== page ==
We, and many other well-educated people, were instructed never to put hot food into the refrigerator. Then we read The Ultimate Cheesecake Book, by Joey Reynolds and Myra Chanin, in which one is instructed to put the cheesecake in the refrigerator as soon as it comes out of the oven. To say that we were flummoxed would be putting it mildly.We called the appliance manufacturers (who were surprisingly unhelpful, now that we think back on it), we almost wrote our congressman, before taking matters into our own hands and conducting an experiment.

We took one of those 3-lb, 350°F cheesecakes (delicious, by the way), whisked it from the oven to the top shelf of our smallest and wimpiest refrigerator (which was about half full), and measured the temperature of the refrigerator at both the top and bottom shelves every 15 minutes for four or five hours. Much to our surprise, the temperature hardly changed at all. On the top shelf, the temperature rose only about three degrees Fahrenheit and the bottom shelf didn't vary at all - and this with us opening the blasted door every 15 minutes. We found putting a hot cheesecake in the refrigerator to have less of an effect on the temperature than adding a new batch of groceries from the store.

The issue with allowing food to cool slowly to room temperature is that naughty bacteria are prone to thrive and multiply at temperatures between 40°F and 140°F (5°C and 60°C). And the US Department of Agriculture - concerned for your welfare even though you live in Australia - is deeply upset when foods are allowed to linger in that temperature range. The USDA will allow you to keep foods in that range for as long as two hours if you have to do something foolhardy, such as go on a picnic. But two hours is the limit. And, of course, they would prefer that foods not linger in that range at all (and you'll have to agree with the USDA that even if you put room-temperature food in the fridge, it's still going to take a while for the temperature of the food to fall below 40°F).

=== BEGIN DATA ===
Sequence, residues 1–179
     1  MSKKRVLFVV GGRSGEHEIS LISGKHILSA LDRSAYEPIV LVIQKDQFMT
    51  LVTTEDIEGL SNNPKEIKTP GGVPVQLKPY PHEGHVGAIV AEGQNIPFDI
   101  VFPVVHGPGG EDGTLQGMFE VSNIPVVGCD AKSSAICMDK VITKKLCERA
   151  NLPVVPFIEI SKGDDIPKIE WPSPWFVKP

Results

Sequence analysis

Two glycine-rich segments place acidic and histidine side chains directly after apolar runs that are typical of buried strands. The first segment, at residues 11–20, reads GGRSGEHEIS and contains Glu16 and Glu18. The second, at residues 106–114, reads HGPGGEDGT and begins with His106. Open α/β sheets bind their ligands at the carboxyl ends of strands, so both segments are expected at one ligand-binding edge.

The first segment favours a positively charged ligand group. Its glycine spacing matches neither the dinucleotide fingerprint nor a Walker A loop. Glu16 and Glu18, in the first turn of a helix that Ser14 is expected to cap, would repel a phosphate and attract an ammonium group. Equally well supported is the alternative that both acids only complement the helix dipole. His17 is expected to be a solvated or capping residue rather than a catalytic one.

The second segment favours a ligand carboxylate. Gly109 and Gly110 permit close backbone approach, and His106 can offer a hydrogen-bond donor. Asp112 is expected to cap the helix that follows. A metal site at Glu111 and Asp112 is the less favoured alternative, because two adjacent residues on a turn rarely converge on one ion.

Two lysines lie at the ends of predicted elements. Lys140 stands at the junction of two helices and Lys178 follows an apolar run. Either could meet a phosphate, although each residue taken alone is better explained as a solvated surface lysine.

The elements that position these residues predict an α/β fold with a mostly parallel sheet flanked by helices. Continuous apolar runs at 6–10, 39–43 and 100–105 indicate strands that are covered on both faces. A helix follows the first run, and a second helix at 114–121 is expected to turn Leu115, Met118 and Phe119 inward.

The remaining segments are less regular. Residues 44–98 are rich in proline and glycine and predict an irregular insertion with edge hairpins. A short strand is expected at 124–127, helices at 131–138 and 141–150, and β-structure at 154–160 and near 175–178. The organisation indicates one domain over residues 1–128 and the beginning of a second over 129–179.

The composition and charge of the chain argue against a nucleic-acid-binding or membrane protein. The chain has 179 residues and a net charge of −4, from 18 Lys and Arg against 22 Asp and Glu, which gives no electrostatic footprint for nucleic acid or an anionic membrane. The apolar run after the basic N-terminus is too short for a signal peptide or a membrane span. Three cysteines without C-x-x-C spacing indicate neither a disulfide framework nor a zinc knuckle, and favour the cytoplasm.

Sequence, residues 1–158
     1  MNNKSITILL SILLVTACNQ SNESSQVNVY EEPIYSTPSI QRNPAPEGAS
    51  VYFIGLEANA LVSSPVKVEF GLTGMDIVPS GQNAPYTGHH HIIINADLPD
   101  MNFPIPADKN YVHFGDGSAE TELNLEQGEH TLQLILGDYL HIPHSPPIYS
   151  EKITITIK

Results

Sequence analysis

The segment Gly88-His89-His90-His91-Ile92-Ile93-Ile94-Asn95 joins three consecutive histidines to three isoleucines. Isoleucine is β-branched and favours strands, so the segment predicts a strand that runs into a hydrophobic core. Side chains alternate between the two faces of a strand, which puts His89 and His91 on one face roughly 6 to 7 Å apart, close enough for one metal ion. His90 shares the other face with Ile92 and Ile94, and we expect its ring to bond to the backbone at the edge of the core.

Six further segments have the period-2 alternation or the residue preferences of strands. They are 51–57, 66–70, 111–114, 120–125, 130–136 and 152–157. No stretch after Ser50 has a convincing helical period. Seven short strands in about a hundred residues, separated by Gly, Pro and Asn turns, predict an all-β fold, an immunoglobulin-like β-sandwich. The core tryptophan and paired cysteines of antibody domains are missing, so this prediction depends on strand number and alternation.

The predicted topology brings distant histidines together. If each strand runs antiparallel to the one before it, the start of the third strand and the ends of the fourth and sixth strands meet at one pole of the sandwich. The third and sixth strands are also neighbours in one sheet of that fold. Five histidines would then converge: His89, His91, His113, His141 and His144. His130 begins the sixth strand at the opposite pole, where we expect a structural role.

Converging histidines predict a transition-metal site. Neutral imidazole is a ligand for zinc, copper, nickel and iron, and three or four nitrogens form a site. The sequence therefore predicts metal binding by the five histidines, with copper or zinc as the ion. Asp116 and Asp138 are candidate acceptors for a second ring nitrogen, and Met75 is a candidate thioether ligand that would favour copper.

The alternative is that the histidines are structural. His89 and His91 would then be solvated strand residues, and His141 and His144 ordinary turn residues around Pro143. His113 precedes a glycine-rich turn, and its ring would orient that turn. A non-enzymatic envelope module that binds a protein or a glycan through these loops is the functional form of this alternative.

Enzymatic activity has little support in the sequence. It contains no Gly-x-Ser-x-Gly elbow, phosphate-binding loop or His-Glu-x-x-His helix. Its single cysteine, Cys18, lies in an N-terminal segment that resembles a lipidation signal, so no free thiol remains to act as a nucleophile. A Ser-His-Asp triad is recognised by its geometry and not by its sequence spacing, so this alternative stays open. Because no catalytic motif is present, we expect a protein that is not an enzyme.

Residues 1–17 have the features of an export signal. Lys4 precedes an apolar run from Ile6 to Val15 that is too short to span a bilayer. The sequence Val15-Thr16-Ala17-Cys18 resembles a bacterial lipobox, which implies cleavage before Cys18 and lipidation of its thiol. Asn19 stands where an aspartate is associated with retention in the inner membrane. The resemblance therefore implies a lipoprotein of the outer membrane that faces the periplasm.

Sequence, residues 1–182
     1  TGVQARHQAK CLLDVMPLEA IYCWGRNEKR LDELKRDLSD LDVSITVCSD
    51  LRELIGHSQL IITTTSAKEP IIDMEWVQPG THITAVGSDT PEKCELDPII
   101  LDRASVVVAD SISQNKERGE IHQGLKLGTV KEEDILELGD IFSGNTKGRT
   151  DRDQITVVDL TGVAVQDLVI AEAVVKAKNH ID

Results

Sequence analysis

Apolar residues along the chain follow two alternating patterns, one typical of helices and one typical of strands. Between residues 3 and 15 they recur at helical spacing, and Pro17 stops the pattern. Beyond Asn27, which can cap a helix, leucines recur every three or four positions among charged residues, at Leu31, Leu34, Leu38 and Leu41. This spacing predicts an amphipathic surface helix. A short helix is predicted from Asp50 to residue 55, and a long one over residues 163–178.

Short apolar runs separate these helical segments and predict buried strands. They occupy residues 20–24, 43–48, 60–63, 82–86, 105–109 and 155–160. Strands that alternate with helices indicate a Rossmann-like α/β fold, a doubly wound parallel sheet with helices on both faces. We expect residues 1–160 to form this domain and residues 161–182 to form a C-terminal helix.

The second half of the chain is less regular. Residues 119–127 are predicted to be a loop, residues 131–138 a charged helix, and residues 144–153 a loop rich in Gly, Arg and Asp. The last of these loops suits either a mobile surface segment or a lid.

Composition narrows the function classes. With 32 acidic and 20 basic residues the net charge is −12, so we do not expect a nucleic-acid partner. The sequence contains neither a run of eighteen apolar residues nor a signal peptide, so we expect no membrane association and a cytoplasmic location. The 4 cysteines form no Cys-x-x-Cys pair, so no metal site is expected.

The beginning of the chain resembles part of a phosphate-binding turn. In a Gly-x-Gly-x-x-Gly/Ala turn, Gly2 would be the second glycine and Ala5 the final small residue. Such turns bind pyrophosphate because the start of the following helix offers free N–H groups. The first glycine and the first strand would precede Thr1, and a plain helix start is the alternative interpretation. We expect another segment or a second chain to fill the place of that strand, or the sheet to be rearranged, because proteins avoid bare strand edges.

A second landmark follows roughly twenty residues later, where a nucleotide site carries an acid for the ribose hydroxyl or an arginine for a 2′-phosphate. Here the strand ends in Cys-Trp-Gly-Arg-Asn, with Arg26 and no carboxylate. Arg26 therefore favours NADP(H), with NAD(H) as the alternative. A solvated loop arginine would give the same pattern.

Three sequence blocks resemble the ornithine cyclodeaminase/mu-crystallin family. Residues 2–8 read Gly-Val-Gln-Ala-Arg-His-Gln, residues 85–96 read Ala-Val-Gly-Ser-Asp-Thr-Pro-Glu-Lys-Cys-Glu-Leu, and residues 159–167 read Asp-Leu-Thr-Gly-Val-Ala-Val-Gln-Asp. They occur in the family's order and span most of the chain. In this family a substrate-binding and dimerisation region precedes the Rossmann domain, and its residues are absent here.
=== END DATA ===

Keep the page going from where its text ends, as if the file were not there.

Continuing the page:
We would urge common sense on this issue. While we now bravely put fully-baked cheesecakes directly in the refrigerator, we don't crowd them up against milk other foods that go in and out of the fridge frequently. In fact, we don't butt them up against other foods at all. We would not put three gallons of hot stock in a refrigerator in any event. But an easy head-start for cooling something big and heavy or dense like stock is to put it in a pot in a sinkful of cold water, where it will cool to room temperature quite quickly. You can even change the water once or twice to speed the cooling. Smaller items, and foods particularly prone to spoiling, such as sauces and gravies, we would put directly into the refrigerator.